For Immediate Release: April 29, 2021
NYC Mayor's Office of Immigrant Affairs Commissioner led efforts to combat Trump administration's xenophobic attacks on immigrants; defend DACA, among other critical protections; and increase access to resources, education, and services for New York City's three million immigrant New Yorkers
NEW YORK, NY — The New York City Mayor's Office of Immigrant Affairs (MOIA) Commissioner Bitta Mostofi today announced her plans to depart from the de Blasio administration, effective in early May. Commissioner Mostofi joined the de Blasio administration in 2014 and was appointed commissioner in 2018. She led the City's fight against the Trump administration's federal immigration policies that directly attacked and caused fear and confusion among immigrants, threatening the safety and health of communities across the country before and during the global public health crisis.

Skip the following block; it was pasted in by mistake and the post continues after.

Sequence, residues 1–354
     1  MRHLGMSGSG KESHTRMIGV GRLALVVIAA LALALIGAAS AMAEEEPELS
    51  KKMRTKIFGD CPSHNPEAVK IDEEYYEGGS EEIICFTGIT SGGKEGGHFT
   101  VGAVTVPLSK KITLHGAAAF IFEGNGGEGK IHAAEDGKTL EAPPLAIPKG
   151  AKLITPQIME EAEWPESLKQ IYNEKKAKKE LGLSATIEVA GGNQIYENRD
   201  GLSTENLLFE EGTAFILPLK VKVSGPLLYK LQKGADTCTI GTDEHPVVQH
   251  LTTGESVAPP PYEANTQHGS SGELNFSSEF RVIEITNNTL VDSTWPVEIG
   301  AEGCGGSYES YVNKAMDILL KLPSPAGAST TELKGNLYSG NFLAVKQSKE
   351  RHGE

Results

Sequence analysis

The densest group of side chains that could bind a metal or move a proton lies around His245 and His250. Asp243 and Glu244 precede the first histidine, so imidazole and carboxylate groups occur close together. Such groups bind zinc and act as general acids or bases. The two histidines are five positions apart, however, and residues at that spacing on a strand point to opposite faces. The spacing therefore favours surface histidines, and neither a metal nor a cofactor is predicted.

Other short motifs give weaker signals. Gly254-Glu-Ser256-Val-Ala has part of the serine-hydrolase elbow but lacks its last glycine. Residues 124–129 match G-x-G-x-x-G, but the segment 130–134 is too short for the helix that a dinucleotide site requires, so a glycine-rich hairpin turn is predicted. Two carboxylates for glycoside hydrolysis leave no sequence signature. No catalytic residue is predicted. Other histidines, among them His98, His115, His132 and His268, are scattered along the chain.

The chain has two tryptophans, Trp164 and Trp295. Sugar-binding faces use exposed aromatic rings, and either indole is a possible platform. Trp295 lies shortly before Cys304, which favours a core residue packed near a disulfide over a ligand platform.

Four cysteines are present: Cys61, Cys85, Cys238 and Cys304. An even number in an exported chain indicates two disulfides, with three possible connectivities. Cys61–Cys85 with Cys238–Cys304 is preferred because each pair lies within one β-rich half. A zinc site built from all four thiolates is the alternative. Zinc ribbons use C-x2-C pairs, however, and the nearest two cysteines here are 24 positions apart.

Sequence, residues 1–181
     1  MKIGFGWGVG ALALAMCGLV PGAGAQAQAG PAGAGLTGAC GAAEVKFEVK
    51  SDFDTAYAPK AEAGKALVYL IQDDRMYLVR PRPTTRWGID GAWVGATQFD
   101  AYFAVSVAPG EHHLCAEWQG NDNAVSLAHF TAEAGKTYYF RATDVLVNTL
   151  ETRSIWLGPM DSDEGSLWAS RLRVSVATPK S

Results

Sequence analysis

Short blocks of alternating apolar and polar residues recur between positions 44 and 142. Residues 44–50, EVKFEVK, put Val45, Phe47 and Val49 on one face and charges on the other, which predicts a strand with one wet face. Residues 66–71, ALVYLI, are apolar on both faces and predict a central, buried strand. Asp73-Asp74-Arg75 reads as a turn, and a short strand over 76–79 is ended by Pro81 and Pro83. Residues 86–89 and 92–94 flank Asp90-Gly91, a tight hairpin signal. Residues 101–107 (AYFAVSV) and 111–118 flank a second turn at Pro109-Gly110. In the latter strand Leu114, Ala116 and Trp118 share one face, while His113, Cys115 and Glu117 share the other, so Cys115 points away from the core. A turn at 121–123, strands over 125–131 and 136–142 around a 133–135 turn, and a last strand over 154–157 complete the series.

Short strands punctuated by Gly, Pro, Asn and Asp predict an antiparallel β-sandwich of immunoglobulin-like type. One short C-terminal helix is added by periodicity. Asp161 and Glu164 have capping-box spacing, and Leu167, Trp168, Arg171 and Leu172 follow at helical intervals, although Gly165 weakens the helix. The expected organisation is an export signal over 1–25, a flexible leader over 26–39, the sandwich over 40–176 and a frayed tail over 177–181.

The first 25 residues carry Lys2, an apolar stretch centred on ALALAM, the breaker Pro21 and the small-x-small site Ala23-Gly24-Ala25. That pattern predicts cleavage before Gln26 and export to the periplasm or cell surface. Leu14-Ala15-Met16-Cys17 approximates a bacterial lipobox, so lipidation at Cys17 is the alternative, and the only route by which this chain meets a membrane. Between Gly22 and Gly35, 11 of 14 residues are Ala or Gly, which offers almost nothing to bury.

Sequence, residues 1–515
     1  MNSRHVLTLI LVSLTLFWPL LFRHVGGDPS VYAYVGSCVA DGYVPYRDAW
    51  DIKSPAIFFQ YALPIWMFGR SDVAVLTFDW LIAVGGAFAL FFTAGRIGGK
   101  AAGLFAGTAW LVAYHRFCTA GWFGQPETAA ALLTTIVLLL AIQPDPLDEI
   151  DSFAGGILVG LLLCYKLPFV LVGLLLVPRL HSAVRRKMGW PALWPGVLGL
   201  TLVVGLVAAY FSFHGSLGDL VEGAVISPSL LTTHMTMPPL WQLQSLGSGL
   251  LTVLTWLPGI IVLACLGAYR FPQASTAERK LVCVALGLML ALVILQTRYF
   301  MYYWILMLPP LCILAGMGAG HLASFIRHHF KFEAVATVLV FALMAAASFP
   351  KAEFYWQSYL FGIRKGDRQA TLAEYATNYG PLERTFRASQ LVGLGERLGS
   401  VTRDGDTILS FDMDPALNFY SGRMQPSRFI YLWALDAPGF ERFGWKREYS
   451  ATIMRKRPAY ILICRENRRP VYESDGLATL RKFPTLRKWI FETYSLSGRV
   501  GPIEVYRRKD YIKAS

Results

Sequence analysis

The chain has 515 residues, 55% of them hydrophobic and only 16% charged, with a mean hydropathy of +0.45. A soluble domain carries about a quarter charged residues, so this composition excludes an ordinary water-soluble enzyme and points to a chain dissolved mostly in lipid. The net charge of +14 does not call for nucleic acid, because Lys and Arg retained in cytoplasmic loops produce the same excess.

Under her leadership, the agency experienced dramatic growth in its programs and services that ensure access to justice, expand accessibility of City services, and provide educational opportunities for immigrant New Yorkers that encourage civic participation, among the many ways MOIA has supported the City's COVID-19 response and recovery efforts through outreach, direct assistance, language access, and more.
"I am grateful for Bitta's fierce and tireless efforts to make New York City a more just and accessible place for immigrant families," said Mayor Bill de Blasio. "From combating the Trump administration's relentless attacks on immigrants head-on to leading the vision for a bold national strategy to further immigration reform, Bitta's leadership has been critical for inclusive, equitable, and resilient communities for all."